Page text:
Whose career is it anyway?
Making career choices is a teen’s business, but can parents help?
The battle lines were drawn. A father could not understand why his normally cooperative son now acted headstrong and impossible. This was my first act of rebellion against my father. I had just finished high school and my father, with my mother’s blessing, had gone and organised a job for me at his workplace - without my permission. I refused the offer because it didn’t fit into my envisioned dream future.

I felt like my parents were forcing me into a career of their preference - a job I wasn’t passionate about. In my parent’s opinion, my chosen path was inappropriate for my personality.

‘You’ll struggle in that career,’ they said. ‘With your speech impediment you’ll find it hard to communicate with people. Why not choose a career where you’ll use your hands instead of your speech.’

Listening to them, I rolled my eyes, feeling that the two people who were supposed to be supportive of me were tearing my dream apart. This gave me the willpower to show them how wrong they were.

‘Please let me make my own mistakes,’ I wrote to my parents. ‘This is my life.’

Seeing my dogged determination, my angry parents backed off and allowed me to follow my dream. I’m forever grateful to them for supporting my decision.

Fast forward, a decade or so later I had to admit that my parents had been right after all. Although I did experience a measure of success in my chosen field, I struggled a lot because I had to work harder than my peers to prove my worth. However, I have no regrets for the path I took.

Parents can help career choices

Back then, how could my parents have helped me to choose a suitable career? Could they have marketed their idea more effectively? How could they have helped me to choose an appropriate career after school?

Before the confrontation with my father, I don’t remember sitting down with my parents to discuss career options. It never occurred to me to seek their advice.

Most parents have invaluable insight that can benefit young ones. If only the parents knew how to make that wisdom palatable for their children. If my father had invited me over to visit him at his office and see him at work, I probably would have been less resistant to the idea of joining his firm.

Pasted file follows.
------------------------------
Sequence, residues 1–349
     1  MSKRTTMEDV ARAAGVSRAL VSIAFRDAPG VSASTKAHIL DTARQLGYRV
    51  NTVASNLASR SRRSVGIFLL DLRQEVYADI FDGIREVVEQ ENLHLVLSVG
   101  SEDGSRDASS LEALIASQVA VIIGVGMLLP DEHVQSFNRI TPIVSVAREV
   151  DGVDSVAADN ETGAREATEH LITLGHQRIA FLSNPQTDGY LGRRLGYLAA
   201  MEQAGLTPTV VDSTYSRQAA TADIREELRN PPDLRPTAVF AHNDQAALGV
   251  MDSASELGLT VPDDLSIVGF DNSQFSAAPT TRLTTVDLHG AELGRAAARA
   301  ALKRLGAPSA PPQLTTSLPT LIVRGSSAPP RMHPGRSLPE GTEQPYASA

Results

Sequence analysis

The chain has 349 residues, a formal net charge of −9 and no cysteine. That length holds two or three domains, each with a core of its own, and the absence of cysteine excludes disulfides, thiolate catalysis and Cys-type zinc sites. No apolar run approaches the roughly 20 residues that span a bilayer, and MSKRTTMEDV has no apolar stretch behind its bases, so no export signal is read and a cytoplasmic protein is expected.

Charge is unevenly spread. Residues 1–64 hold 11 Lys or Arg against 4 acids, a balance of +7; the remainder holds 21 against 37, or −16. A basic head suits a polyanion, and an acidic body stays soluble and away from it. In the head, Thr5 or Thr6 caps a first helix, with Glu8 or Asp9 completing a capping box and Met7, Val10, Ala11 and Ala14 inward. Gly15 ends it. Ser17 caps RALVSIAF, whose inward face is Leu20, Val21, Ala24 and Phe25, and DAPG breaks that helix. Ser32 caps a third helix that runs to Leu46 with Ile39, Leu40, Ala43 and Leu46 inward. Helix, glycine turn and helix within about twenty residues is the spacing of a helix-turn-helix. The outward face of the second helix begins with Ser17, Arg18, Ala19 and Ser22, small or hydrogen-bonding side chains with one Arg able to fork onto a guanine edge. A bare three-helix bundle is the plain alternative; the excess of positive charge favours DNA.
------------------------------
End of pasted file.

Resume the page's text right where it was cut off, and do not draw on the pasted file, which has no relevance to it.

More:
Parents can start by taking extra interest in the school subjects that their young ones decide to major in. For example, if your child majors in the arts there is little chance that he or she will get a job in the science field. Because I’d invested so much time and energy in my chosen profession, I felt that changing to another one meant that I’d wasted a lot of time. My parents’ intervention came a little too late.

Most parents are aware of their young one’s strengths and weaknesses. Parents can use this knowledge to influence their child’s selection of employment. In addition to making the child aware of his or her strengths and weaknesses parents can list a number of jobs that they think suitable for the young one’s personality and interests. To help the child make an informed pick, parents may arrange for him or her to work part time in selected careers or to interview people in those jobs. Children should also be encouraged to attend career guidance courses at school or privately.

I suspect that some people feel stuck in their jobs because they made that career option when they were young, inexperienced and uninformed. A little help from their parents, back then, might have steered them in the right direction. The careers that our children choose will have a huge impact on their lives. With a little help from us they can choose the right option. However, we have to remember to accept, support and respect their ultimate choice.
Will teens listen to parents’ career advice? Should they?

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